Comey Memoir, Liu Xiaobo’s Last Writings, and More


Every day Poets & Writers Magazine scans the headlines—from publishing reports to academic announcements to literary dispatches—for all the news that creative writers need to know. Here are today’s stories:

Former FBI director James Comey is writing a book about his career in Washington, D.C. The book, which is going to auction this week, is expected to fetch a large advance, with all the major publishing houses expressing interest. (New York Times)

The New York Times reports on the last writings of Liu Xiaobo, the Nobel Peace Prize winner and Chinese dissident who died last week while serving an eleven-year prison sentence. In the last months of his life, Liu wrote notes for a tribute to his wife, Liu Xia, to preface a collection of her photographs, “Accompanying Liu Xiaobo.” A Chinese editor is currently looking for a publisher for the book.

Rebecca Shoptaw, an undergraduate student at Yale, is adapting George Eliot’s Middlemarch into a web series. The new series reimagines Eliot’s classic novel through an LGBTQ lens. (New Yorker)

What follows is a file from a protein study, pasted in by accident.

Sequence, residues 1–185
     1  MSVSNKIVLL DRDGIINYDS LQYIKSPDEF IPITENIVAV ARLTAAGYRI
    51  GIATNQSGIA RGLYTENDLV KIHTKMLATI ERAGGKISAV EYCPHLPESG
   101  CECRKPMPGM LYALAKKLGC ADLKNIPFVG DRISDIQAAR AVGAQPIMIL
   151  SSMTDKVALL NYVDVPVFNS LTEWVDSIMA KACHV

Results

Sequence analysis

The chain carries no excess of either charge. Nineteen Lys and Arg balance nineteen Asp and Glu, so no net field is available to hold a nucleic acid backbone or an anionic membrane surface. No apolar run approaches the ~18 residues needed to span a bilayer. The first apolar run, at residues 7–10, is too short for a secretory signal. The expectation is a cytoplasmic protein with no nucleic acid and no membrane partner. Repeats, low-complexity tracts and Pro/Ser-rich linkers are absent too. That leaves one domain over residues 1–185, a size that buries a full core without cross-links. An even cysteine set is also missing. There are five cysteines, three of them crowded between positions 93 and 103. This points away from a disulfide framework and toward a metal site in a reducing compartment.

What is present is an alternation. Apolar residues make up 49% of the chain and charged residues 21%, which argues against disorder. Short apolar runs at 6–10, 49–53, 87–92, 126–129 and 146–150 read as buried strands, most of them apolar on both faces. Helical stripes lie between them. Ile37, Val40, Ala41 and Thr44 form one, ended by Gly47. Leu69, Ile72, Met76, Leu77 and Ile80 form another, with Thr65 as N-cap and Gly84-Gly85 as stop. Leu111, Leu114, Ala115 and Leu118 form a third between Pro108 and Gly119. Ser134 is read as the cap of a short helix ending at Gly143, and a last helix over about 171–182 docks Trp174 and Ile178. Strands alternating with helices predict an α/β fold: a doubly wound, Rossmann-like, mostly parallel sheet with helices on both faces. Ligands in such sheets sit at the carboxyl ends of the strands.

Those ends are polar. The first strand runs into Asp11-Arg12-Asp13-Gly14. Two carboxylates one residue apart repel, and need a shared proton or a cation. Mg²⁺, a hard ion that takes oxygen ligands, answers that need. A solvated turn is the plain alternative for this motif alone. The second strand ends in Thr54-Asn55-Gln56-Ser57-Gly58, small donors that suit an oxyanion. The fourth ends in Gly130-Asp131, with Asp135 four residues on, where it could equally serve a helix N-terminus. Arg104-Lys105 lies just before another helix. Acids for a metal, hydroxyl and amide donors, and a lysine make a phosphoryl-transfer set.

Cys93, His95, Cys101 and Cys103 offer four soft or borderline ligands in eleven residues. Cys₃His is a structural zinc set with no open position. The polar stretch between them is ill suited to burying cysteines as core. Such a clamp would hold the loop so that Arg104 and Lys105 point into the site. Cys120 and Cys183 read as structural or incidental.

“So here I am—the son and the mother combined—who needs to take a big step back and do most of my grieving in private. My memoir is still out there for you to read. And, when I am strong enough, I will return to the road. I will return to the memoir.” Sherman Alexie explains why he canceled the rest of his book tour for his latest memoir, You Don’t Have to Say You Love Me, which covers his complicated relationship with his mother. (

Poet erica lewis interviews fellow poet Tyrone Williams about how music shapes his work, his aesthetic kin, and resisting the idea of “authentic blackness.” (Harriet)

London-based Marginalia Books is launching a new series of books, Marginalia, in which writers and critics annotate important texts with “scrawled epiphanies, esoteric streams of consciousness” and “ferocious scribbling.” The first titles in the series will be published in September and include annotations of Walt Whitman’s Leaves of Grass and Shakespeare’s Hamlet.

At the New Republic, Evan Kindley considers the mystery and inscrutability of John Ashbery’s poetry in light of Karin Roffman’s new biography of the poet, The Songs We Know Best: John Ashbery’s Early Life, published last month by Farrar, Straus and Giroux.

“That is what this enterprise is about. It’s about deconstructing our received history and reconstructing it in a way through poems and through prose in a way that helps us better understand it.” Tyehimba Jess talks with NPR about his Pulitzer Prize–winning poetry collection, Olio.